An illegal attempt by the pitcher to deceive a runner, among other pitching violations, is called a balk , allowing all runners to advance one base without risk of being put out.

Another fundamental tenet of the rules of baseball is that a runner who was initially ruled out can subsequently be ruled safe, but once a runner is ruled safe he cannot be called out on the same play, unless he overruns the base.

For example, if a baserunner steals second base, beating the throw, an umpire might make the quick call of safe, but if the runner then slides beyond the base and is tagged before he can retreat to it the umpire has the right to change the call.

A runner initially called out can be subsequently ruled safe if the fielder putting the runner out drops the ball on either a tag or force play , pulls his foot off the base in the case of a force play , or otherwise illegally obstructs a runner from reaching a base that he otherwise would have reached safely.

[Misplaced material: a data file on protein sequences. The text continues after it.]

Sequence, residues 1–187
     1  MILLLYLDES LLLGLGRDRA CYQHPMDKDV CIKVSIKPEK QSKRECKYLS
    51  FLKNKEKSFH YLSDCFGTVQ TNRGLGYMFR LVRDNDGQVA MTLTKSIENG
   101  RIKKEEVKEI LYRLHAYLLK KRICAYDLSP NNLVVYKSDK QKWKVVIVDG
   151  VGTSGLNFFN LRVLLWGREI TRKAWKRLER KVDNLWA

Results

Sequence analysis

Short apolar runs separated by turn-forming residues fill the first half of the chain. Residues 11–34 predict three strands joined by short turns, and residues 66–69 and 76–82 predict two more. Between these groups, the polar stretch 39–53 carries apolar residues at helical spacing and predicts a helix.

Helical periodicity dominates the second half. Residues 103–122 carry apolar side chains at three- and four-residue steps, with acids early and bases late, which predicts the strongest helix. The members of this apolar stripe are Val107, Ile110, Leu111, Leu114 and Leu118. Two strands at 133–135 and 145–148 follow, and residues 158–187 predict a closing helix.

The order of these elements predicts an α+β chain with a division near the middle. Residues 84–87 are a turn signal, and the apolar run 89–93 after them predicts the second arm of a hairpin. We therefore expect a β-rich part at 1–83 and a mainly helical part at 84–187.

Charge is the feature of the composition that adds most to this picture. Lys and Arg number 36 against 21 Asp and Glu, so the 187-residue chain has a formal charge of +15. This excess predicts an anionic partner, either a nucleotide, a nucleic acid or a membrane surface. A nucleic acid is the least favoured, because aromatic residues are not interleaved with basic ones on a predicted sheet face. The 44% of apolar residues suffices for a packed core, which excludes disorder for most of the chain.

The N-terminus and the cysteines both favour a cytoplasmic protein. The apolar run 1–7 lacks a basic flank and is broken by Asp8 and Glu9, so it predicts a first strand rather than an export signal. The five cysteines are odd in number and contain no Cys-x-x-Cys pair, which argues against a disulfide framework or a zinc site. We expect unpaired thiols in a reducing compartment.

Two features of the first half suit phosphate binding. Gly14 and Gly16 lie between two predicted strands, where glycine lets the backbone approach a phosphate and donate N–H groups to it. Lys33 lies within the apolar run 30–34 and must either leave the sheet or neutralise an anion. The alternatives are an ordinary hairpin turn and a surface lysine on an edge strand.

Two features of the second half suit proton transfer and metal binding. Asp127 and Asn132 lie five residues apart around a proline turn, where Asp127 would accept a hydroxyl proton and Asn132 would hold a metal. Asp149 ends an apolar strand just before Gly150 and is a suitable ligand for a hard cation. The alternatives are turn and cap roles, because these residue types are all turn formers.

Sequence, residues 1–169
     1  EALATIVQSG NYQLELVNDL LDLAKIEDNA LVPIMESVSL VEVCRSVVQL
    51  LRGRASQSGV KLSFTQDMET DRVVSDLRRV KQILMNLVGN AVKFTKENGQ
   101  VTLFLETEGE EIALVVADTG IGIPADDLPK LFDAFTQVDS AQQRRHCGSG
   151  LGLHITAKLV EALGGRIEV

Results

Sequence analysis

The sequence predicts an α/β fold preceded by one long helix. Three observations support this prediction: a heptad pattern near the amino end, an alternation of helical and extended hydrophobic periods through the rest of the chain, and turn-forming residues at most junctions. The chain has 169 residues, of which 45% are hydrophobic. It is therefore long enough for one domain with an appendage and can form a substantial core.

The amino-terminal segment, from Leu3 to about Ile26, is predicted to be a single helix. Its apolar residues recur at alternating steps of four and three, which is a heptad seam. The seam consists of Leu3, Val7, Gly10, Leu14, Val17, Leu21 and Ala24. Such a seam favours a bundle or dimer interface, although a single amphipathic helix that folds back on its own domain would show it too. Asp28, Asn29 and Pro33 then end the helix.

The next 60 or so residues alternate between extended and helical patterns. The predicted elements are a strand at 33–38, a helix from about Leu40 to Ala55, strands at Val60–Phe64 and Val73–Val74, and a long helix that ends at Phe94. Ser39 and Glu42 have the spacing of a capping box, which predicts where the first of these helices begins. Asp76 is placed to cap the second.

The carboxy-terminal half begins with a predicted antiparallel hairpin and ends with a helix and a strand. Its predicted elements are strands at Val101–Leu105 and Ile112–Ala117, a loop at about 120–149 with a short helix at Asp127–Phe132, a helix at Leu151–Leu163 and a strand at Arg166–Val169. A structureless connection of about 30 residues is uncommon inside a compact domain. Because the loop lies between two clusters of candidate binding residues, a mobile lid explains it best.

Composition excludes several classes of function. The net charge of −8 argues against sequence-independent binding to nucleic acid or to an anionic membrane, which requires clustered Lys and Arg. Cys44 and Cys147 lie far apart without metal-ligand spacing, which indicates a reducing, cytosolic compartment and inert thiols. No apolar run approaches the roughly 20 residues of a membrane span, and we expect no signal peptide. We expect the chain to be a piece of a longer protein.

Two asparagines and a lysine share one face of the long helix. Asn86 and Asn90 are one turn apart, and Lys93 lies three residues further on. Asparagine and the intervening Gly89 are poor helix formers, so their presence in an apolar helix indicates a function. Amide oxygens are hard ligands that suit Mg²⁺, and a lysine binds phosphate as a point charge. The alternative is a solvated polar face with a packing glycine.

Batters attempt to "read" pitchers through pre-game preparation by studying the tendencies of pitchers and by talking to other batters that previously faced the pitcher.

While batting, batters attempt to "read" pitches by looking for clues that the pitcher or catcher reveal. Batters can attempt to "read" the spin of a ball early in the pitch to anticipate its trajectory.

Batters also remain keenly aware of the count during their at bat. This puts pressure on the pitcher to throw a strike to avoid a walk so the batter is more likely to get an easier pitch to hit and can look for a particular pitch in a particular zone or take a riskier or bigger swing.

This gives the pitcher more freedom to try enticing the batter to swing at a pitch outside the strike zone or throwing a pitch that is harder to control e.

Thus the batter will take a more protective swing. A major strategy in batting at competitive levels of baseball is patient hitting.

An example of patient hitting is when a batter has a zero strike count, the batter will almost always look for his perfect pitch. One strike hitting is very similar to no strike hitting and the batter usually is still looking for a good pitch to hit.

Two strike hitting, the strategy is changed where the batter will protect the plate by fouling off pitches until the batter is able to find a pitch to hit.